Current fourth year student, Paul Thorpe, has set up his own blog/website designed not only to display past and current projects but also areas of extracurricular activities and interests.
Please visit paul-thorpe.com.
The petal has long been a surround for the reproductive parts of the flower, its varied forms and designs attract numerous species of animals and insects, enabling its existence to grow and spread. As a result, the petal will not only encounter pollen of its own species, but also that of many differing plants.
Taking people as the pollen. This caravanserai will attract people both day and night, providing a space for play and discussion, encouraging communication, observation and interaction.The Petal Hypothesis sits expressively within its setting. Exposing the raw structure of the plywood ‘petals by day and revealing the elaborate display of the EL wires by night.
Configured in a circular array, each ‘petal’ is construct from just two ‘pods’ which in themself only take 1 sheet of plywood to construct. Connected together to generate one ‘2d’ curve, the end points then bend around to complete the monocoque structure.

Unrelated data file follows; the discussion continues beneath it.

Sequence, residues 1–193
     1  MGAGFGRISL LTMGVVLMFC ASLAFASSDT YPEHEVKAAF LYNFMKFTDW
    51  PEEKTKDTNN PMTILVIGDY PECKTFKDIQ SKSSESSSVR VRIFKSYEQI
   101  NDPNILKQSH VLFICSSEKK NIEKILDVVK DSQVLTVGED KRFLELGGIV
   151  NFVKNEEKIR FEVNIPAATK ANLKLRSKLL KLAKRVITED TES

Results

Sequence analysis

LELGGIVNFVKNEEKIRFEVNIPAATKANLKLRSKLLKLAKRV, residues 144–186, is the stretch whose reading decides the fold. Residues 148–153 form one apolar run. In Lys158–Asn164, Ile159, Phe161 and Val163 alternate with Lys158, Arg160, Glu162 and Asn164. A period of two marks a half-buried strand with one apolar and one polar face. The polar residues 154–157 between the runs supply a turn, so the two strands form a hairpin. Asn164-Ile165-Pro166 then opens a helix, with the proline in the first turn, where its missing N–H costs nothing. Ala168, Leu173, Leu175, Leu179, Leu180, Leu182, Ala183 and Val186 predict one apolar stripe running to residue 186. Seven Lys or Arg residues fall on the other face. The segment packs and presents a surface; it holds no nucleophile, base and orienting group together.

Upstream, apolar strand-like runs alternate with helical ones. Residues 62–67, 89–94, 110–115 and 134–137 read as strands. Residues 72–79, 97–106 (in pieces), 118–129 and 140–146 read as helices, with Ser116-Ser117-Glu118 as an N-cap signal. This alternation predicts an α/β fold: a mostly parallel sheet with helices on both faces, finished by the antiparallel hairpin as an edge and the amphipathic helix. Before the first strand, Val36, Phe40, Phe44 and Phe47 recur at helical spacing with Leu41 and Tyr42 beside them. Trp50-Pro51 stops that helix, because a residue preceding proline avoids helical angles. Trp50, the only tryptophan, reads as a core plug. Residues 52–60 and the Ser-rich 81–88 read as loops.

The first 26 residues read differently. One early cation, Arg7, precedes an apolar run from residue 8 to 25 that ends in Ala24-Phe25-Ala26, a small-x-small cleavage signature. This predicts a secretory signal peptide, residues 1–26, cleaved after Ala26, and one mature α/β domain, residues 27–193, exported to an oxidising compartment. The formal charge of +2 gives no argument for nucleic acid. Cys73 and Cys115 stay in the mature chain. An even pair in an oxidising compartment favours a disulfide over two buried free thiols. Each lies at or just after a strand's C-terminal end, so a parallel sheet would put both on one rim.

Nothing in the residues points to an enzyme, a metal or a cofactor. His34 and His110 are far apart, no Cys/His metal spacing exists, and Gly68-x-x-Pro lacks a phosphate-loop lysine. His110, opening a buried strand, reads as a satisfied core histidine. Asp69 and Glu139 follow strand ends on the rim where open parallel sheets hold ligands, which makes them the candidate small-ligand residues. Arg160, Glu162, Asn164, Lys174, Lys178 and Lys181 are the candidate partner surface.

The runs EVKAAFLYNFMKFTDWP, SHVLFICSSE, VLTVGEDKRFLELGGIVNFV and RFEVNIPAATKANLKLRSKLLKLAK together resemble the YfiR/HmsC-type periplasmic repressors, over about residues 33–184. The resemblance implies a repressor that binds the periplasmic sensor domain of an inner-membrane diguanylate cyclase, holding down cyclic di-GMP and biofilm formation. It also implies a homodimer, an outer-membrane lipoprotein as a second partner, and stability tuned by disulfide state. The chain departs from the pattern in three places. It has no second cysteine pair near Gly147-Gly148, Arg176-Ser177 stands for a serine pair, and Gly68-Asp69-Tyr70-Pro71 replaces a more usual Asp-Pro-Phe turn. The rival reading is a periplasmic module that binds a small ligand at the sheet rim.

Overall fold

These pods are then mirrored to generate the ‘petal’ form and anchored to the ground. The act of fixing the extreme widths and mirroring the pods minimises the natural flex within the ‘pod’ and enables it to be a strong physical structure.
In place of the EL wires, a cloth stress skin has been incorporated to the top tier of petals. This not only provides shading during the day but also absorbs the light from the EL wires and distributes it across the whole surface.
Observe – Sit around and within the ‘petals’ to observe the activities at its centre.
Inhabit – Climb the structure and occupy one of the many vantage points within the ‘petals’
Connect – Share memories and congregate either on mass at its centre or privately within the petals